7. Personally—Why do you care about sustainability? What is your story?

I do care about sustainability. First, as a parent of a nine-year-old daughter and second as a citizen of this country. Living in Delhi was like living in a ‘smokehouse’ with serious levels of air quality pollution. Living in Mumbai is like living in through deluges, unending traffic, water scarcity, mounds of waste and slums. Further, my work as a researcher at TISS, Mumbai looking at the vulnerability of particularly vulnerable groups in India (PVTG) points out to questions on sustainable development ‘for all’. These problems are fundamentally rooted in the inequitable and unsustainable development trajectory that we have adopted and my concern for sustainability emerges from my own lived experience.


8. What is/are the biggest environmental or social challenge(s) facing your country today?

The environmental crisis of today is environmental degradation together with the climate crisis. The social challenges facing India lies in addressing ‘equity’ and justice in the process of development.


9. What is the most positive action your country has taken to positively impact its environment or social well-being?

The Government of India’s target to boost Renewable energy is quite ambitious and therefore can be termed as the most positive action (RE target of 175 GW by 2022 ) IF IMPLEMENTED CORRECTLY.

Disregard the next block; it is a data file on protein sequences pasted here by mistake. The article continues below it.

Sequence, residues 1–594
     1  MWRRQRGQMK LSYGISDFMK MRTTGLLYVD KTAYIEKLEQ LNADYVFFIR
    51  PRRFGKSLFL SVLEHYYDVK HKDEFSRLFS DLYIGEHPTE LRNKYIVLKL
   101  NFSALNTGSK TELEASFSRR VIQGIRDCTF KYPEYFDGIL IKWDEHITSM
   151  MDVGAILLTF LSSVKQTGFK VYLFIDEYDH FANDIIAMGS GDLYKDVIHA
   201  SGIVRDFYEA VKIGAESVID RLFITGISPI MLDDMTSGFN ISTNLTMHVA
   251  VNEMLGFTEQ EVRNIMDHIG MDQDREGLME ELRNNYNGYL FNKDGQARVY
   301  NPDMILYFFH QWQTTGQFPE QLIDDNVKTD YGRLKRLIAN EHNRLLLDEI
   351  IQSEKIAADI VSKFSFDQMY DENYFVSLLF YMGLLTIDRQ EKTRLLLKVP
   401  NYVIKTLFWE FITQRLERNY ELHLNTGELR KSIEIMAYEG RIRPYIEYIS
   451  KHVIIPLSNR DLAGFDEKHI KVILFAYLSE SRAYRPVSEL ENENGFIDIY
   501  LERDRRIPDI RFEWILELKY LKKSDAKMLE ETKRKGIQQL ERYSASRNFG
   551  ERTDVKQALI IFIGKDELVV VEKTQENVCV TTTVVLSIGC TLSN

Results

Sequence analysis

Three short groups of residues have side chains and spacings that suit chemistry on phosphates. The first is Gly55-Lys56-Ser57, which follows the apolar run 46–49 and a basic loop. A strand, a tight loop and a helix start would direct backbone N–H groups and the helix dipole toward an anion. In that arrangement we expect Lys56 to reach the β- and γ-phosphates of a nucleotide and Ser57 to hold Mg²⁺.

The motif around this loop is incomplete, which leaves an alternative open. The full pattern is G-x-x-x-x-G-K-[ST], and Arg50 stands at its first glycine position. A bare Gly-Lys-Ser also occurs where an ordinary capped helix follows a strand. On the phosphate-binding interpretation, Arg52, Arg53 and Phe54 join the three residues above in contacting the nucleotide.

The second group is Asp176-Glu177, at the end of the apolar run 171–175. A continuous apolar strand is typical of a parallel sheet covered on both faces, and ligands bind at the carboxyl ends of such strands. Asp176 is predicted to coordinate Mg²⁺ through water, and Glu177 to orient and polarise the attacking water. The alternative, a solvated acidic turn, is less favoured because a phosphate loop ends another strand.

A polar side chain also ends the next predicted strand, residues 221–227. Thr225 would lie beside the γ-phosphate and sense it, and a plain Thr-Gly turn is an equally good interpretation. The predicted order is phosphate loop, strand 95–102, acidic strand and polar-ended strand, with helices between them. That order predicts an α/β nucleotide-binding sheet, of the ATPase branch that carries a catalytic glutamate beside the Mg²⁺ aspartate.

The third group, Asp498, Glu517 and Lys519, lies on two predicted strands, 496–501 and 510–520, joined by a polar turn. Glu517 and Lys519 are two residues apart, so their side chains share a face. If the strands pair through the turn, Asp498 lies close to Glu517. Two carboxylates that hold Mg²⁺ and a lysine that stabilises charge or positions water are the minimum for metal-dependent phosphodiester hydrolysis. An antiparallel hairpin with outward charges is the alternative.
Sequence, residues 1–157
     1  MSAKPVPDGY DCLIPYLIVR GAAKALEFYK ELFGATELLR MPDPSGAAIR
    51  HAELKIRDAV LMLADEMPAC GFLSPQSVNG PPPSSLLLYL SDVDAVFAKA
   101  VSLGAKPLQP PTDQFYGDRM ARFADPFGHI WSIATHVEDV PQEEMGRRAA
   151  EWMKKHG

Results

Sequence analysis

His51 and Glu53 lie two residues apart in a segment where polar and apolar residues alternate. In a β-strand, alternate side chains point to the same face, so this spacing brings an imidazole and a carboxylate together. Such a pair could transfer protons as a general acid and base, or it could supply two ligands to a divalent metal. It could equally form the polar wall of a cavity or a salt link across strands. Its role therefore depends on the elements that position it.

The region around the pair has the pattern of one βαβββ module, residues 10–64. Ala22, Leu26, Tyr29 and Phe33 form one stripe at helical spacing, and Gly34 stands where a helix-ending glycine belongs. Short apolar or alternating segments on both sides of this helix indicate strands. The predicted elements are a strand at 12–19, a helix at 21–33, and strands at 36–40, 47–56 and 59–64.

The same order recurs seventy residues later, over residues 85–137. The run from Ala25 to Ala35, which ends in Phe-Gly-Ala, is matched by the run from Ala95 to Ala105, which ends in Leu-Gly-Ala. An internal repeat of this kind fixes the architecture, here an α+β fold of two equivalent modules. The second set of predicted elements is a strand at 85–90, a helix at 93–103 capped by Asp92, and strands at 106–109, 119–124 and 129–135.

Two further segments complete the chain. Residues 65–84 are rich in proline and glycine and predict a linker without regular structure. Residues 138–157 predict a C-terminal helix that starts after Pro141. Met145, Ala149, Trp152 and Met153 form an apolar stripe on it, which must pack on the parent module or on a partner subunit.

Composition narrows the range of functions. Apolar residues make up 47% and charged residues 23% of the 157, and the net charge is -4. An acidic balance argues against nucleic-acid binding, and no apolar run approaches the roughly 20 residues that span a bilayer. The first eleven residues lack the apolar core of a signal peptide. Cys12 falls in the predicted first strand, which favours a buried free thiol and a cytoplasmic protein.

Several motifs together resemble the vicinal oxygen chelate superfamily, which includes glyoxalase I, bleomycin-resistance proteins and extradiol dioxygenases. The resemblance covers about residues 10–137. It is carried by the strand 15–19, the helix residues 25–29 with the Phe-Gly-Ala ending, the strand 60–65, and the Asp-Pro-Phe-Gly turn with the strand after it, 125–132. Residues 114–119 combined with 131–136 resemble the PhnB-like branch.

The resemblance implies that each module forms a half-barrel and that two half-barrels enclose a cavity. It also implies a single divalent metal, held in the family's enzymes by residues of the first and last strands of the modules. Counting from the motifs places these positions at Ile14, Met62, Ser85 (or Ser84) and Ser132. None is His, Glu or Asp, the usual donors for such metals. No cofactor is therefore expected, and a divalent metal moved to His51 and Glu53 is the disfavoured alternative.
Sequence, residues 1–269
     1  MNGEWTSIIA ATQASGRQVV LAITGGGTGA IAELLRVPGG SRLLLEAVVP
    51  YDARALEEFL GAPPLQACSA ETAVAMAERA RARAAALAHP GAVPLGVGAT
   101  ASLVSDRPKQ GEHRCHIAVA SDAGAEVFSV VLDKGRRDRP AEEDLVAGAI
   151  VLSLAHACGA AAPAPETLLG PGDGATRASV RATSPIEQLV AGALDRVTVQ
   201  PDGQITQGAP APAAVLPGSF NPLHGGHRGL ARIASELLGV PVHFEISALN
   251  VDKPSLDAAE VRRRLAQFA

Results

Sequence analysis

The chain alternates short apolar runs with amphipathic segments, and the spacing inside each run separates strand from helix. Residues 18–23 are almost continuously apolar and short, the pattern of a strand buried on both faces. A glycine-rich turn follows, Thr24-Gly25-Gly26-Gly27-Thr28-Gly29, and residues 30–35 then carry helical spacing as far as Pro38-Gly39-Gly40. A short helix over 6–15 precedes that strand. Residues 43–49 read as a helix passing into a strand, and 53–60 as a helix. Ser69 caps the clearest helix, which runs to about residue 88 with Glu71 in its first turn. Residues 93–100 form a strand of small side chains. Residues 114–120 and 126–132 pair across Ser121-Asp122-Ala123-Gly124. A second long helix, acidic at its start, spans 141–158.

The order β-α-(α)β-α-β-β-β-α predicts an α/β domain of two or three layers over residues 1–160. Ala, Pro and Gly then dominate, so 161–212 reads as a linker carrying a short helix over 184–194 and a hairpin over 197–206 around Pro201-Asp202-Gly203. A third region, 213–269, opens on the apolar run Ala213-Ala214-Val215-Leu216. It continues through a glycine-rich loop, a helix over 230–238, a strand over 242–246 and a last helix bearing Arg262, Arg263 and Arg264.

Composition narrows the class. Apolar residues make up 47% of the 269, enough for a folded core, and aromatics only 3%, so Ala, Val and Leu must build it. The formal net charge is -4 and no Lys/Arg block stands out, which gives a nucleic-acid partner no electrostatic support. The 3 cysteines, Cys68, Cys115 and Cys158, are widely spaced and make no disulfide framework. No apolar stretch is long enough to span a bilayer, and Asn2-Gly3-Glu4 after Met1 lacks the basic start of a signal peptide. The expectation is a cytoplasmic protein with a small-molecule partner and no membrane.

The following partner websites can be visited.

INECC partners:

INECC core group comprises of 12 partners from across 5 ecosystems as mentioned below. However, INECC  also collaborates on common agendas with partners from across other states like Assam, Jharkhand, Rajasthan, Uttrakhand and Chhattisgarh. INECC draws its strength from each of its partners and attempts to forge synergies and cooperation specifically around issues of Climate change and Sustainable Development.

Name of the partner and website  Location Ecosystem Interest areas
Laya Resource Center



Visakhapatnam, Andhra Pradesh


Forest ecosystems  Human Rights, Social Justice, Alternative Health, Education, livelihoods, Skilling, Women and Youth Empowerment, Governance


Institute for Community Organisation Research (ICOR)



Mumbai, Maharashtra


Urban  Empirical research, Developing models of monitoring and evaluating studies, Training in research and social analytical skills
Environics Trust



New Delhi


Himalayan Participative research, enterprise development, community-based action

Bhubaneshwar, Orissa


Coastal  Action Research



Bangalore, Karnataka


Semi Arids Climate Neutral Village, adaptation and governance
Council of Professional Social Workers



Bhubaneshwar, Orissa Semi Arids   Climate Resilient Agriculture,  Disaster Management, Education, Environment, Forestry, Health, Human Rights
Samuchit Enviro Tech Pvt Ltd, India



Pune, Maharashtra


Urban  Climate-proof Technology development and implementation, action research, Education
South Central India Network for Development Alternatives



Yelagiri Hills, Tamil Nadu


Semi Arids and coastal Human Rights, Social Justice, Gender Equity and Envt. Protection
Community Aid Alliance,



Bangalore, Karnataka


Urban and Semi Arids  Community based energy options, Sustainable livelihoods, Alternate health care
Pipal Tree




Bangalore, Karnataka


Semi Arids Social Justice, Food sovereignty, Sustainable development
Integrated Rural Development of Weaker Sections in India, Semiliguda


Semiliguda, Orissa Community empowerment and Climate Justice
Centre for Education and Documentation


Mumbai, Maharashtra Urban Environment, communication and documentation